Obama “wouldn’t be who he is if he were to change his message now,” Jarrett said. “The question isn’t just, do you give people what, in a moment, they think they want to hear? You give them the message that you think is important for them to hear. That’s what leadership is about.”
Some of Obama’s supporters agreed with Jarrett. Kasey Dean, 28, who waited for Obama before his rally in Nevada last week, said it was the duty of politicians to uplift the country in moments of uncertainty — not to sink to fear. Hallie Sebena, 34, who saw Obama’s rally in Milwaukee, said “there are ways to fight back without being dirty.”
“We need conversations that begin from a place of civility,” Sebena said.
Other liberal voters said they had been so enraged by Trump’s administration that it changed what they look for in a Democratic messenger.
Maybe it should be someone who is more of a “fighter,” said Tom Mooshegian, 64, in Las Vegas. Trump “sets the norm,” Mooshegian said, adding that “the person who runs against him in 2020 is going to have to match that.”
Dana Williams, 41, who was waiting for Obama with her husband and daughter in Las Vegas, said she thought Trump had introduced a style of politics that prioritizes personal attacks. To combat him, Democrats may need to meet “fire with fire,” she said, borrowing a favorite phrase of Trump’s.
“When they go low, we got to go hard,” said Brown, adding that she was not convinced “people in high offices” understood the urgency of the moment.
Obama did not publicly respond to Holder’s comments, but repeatedly in his speeches this summer, the former president has made an impassioned plea for his brand of politics: hopeful, civil and driven by incremental progress.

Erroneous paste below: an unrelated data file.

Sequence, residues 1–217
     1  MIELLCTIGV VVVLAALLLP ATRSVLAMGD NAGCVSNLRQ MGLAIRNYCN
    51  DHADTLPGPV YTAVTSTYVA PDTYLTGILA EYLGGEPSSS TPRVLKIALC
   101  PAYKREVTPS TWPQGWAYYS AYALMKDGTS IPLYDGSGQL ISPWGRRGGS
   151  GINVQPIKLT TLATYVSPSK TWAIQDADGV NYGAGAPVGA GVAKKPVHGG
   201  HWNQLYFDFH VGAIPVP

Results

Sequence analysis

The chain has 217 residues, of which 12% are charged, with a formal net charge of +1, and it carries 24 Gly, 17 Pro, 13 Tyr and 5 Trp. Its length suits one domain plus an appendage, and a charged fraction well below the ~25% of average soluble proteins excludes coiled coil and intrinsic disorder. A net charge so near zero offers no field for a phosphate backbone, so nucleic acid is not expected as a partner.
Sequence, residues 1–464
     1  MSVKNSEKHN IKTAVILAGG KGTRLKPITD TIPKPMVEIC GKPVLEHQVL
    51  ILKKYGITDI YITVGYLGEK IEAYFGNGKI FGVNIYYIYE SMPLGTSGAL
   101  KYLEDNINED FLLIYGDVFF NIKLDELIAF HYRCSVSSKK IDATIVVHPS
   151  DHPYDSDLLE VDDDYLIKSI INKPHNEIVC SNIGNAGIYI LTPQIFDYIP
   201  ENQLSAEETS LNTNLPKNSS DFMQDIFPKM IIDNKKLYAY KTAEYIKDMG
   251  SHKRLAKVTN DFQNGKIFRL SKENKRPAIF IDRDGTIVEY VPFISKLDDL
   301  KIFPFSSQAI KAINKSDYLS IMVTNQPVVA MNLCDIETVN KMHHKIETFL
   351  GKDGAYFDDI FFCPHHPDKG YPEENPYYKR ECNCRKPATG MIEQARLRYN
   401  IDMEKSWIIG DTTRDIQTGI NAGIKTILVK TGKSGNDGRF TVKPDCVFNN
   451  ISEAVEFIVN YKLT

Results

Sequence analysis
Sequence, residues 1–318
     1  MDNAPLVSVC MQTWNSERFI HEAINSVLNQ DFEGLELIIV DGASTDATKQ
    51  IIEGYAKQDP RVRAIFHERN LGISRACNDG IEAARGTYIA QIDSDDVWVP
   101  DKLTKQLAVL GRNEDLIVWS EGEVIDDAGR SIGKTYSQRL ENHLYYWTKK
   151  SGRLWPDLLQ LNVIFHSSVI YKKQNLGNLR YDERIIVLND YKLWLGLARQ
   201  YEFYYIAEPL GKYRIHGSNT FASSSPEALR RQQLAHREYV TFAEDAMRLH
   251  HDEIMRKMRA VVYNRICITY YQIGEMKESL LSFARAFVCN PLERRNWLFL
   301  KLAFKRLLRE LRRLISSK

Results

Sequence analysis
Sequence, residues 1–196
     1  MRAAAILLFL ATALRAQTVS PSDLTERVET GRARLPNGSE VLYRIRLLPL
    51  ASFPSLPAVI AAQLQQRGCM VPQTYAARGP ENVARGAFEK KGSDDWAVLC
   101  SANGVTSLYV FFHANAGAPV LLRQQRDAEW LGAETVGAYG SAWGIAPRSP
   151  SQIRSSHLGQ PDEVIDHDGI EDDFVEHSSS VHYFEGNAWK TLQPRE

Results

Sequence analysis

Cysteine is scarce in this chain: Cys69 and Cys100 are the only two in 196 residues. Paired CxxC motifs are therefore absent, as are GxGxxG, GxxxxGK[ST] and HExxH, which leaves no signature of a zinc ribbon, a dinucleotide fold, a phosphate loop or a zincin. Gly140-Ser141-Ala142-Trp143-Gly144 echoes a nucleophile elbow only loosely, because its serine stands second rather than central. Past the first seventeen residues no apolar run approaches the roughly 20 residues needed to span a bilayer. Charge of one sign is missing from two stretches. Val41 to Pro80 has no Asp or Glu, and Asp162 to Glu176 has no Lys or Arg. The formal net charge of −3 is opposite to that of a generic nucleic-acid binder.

“There’s something at stake in this election that goes beyond politics,” Obama said in Milwaukee last week. “What is at stake is a politics that is decent. And honest. And lawful. That tries to do right by people and that’s worthy of this country we love.” Obama, who avoided the political arena for more than a year before returning this summer, has focused his efforts on states where Democrats are facing key races in the Senate. He also tends to hold rallies in urban areas with voters who are historically less likely to vote in midterm elections, including young people and minorities.
Jon Favreau, a former speechwriter for Obama who now runs a liberal media company, said the former president’s message has evolved on key issues such as voter suppression and structural racism. The Republican Party has become more overtly tied to white identity politics and immigration reduction, Favreau said, and Obama has become more explicit in his indictments. In doing so, he has laid out a pathway for how Democratic candidates can criticize while not resorting to mudslinging.
Favreau said campaigns like Gillum’s in Florida, Abrams’ in Georgia and O’Rourke’s in Texas were “the next generation and the next iteration of that Obama message of hope.”
“If you are only fighting Donald Trump, and if you’re only fighting Republicans with whatever sick burn you can figure out, you haven’t done the full job,” he said. “What voters want is people to fight on behalf of issues.”